Something that absolutely true is what James Clear wrote in his book *“Atomic Habits” —> “Good habits can make rational sense, but if they conflict with your identity, you will fail to put them into action”!!

So again, start with your why. If you can get a clear enough picture in your mind of why you want to climb the wall towards success. The road to get there will be easier as the fruits will be bigger at the end of the road than they are to stay where you are now. 

Visualize the new you having mastered the new habit

I have already mentioned I following I course that teaches me how to change my mindset for the better. We are full of limiting beliefs that limit us from breaking through certain plateaus. When you try to build a new habit, you want this from your current frame of reference. 

Try to change this frame of reference by envisioning yourself already having accomplished what you are aiming for. Close your eyes and really know you can reach that goal. In fact, I am sure you can imagine yourself already having that new habit. Make a mental picture of it. 

assured man

How does it feel to be able to do that new thing? What will do you differently? How does this new you act in this new situation? How does this new and improved situation smell like? What do you hear around you? The mind is a powerful thing.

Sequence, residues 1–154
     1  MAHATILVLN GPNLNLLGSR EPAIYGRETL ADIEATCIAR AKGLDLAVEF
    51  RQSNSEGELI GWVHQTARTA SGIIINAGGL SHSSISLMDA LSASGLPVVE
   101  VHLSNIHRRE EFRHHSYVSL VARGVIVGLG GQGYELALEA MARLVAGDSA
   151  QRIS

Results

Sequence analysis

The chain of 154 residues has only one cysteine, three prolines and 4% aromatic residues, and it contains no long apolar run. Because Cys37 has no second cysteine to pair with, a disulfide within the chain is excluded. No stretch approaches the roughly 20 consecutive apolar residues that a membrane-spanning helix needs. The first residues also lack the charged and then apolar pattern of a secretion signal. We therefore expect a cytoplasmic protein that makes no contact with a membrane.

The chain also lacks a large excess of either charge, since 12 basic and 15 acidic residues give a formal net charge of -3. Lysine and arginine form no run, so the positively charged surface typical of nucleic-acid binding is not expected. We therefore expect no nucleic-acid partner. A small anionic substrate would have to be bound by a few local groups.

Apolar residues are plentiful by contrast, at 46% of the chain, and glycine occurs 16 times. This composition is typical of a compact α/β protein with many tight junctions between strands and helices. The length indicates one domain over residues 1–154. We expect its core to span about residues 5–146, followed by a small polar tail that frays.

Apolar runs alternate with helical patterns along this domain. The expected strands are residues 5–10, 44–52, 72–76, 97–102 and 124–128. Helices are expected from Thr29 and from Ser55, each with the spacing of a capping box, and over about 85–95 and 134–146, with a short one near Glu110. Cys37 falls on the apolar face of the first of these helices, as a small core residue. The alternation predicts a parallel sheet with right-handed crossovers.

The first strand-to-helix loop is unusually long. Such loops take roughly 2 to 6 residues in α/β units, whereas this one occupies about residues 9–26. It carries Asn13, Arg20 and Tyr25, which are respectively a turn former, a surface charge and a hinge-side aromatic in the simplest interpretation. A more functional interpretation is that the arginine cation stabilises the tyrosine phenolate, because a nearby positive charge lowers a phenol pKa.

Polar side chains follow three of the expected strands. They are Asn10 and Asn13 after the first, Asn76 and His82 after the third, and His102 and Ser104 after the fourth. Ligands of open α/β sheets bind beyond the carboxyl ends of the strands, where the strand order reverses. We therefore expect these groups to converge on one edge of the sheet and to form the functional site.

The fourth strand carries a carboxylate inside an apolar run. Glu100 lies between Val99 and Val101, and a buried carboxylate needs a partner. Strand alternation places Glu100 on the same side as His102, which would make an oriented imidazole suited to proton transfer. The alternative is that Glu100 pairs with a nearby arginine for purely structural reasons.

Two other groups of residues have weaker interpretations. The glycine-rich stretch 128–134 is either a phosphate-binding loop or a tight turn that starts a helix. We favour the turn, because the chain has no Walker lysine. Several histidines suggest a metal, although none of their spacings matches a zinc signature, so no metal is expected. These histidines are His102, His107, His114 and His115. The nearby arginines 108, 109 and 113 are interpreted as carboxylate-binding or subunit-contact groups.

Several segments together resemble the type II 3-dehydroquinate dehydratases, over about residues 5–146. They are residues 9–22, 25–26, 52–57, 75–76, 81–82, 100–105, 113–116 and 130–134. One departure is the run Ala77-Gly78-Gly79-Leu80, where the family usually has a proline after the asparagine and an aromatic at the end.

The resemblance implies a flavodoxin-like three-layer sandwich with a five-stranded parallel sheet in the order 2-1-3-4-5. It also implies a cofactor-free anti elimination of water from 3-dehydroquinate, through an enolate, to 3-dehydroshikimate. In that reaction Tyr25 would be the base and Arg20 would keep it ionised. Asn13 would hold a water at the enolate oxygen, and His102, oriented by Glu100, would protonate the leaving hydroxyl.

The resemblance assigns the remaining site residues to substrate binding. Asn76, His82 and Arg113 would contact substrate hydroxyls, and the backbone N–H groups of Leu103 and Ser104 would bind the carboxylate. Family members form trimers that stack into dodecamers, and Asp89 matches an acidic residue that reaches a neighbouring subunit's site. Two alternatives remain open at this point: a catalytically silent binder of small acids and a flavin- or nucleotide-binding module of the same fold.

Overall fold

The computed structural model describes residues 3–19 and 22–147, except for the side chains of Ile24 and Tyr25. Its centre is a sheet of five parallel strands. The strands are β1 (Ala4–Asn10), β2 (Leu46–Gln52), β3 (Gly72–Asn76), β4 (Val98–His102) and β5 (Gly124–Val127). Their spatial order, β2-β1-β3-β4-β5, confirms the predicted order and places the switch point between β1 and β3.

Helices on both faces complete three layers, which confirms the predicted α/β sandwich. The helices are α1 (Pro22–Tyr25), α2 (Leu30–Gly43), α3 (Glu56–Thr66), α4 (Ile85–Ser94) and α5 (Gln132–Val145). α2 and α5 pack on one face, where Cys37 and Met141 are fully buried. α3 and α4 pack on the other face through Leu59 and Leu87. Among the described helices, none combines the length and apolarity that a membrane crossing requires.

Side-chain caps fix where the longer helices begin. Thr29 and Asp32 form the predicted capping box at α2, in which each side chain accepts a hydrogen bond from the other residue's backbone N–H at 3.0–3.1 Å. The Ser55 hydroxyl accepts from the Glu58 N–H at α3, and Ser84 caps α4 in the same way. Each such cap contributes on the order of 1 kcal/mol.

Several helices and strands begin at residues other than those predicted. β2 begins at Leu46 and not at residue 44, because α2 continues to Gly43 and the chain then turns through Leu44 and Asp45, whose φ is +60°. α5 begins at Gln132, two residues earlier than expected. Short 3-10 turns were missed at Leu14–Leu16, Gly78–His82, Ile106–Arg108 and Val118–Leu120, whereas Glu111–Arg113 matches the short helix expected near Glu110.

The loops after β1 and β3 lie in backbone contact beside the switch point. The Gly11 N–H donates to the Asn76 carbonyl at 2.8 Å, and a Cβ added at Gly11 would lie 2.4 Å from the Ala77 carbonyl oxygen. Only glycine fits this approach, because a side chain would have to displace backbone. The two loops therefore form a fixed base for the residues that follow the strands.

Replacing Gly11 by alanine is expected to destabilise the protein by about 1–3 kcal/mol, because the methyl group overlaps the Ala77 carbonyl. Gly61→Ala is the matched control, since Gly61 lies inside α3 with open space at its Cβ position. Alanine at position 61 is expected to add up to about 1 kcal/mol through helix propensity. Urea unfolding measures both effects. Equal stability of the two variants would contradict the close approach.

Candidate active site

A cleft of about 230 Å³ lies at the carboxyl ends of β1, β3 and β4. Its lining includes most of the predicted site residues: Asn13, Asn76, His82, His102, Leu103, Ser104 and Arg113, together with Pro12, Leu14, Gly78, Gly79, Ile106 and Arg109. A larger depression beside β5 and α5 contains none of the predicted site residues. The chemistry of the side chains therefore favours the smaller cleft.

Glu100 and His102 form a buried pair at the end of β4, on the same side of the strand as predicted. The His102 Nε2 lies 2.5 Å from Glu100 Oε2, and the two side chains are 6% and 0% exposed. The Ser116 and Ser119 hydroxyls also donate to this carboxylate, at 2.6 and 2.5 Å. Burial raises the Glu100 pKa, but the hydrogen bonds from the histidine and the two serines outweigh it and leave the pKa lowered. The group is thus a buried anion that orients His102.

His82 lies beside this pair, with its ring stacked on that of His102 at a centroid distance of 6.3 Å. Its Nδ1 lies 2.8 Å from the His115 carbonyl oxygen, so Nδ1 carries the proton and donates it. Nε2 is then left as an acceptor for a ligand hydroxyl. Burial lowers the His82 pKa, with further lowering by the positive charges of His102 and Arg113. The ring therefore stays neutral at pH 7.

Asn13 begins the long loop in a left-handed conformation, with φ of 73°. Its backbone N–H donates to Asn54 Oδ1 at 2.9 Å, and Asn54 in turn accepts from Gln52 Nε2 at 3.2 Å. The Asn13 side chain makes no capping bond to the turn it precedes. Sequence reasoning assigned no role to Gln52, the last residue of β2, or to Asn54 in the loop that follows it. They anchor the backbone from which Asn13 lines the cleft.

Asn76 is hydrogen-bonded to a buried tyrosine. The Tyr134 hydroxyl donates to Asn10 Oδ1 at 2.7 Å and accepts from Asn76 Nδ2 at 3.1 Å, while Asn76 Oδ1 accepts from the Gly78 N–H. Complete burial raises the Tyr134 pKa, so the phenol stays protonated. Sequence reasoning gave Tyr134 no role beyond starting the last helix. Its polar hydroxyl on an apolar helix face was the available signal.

Did you know that for your mind it does not matter if things have actually happened or if you created a mental image or story about it? In both situations, your mind acts like it as if it was true. So having this mental vivid visualization of you already able to do what you are building. Will make your quest easier. Trust me.

Hard stop

I can write on and on about this topic but this is a blog, not a book so let us leave it at this. Do tell me your thoughts here below, I really do love to read what you take for this. Will you try one of the approaches to build that new habit? And what is that new habit?

You’ve got this! Talk to you next time

All the best.


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  1. Jinx

    This a really great summary Remko 👌

    I’ve found creating new habits so much easier than the breaking well established habits, and I suspect this has a lot to do with my personality. I’m orderly and organised almost to the point of OCD and continuously planning and scheduling even the most mundane tasks, with a lot of routine (likely in a subconscious effort to create predictability and the illusion of control).

    I’ve read James Clear’s ‘Atomic Habits’ twice and I received as a gift the ‘Clear Habit Journal’ ( for motivation, but as a creature so heavily entrenched in routines, getting out of old ones continues to be the biggest hurdle for me and and I’ve still to successfully jump-start this challenge and my goals.

    With that in mind, I really enjoyed how nicely you distilled these principles into something so digestible that I can read (and re-read) to reinforce my ambition to change habits!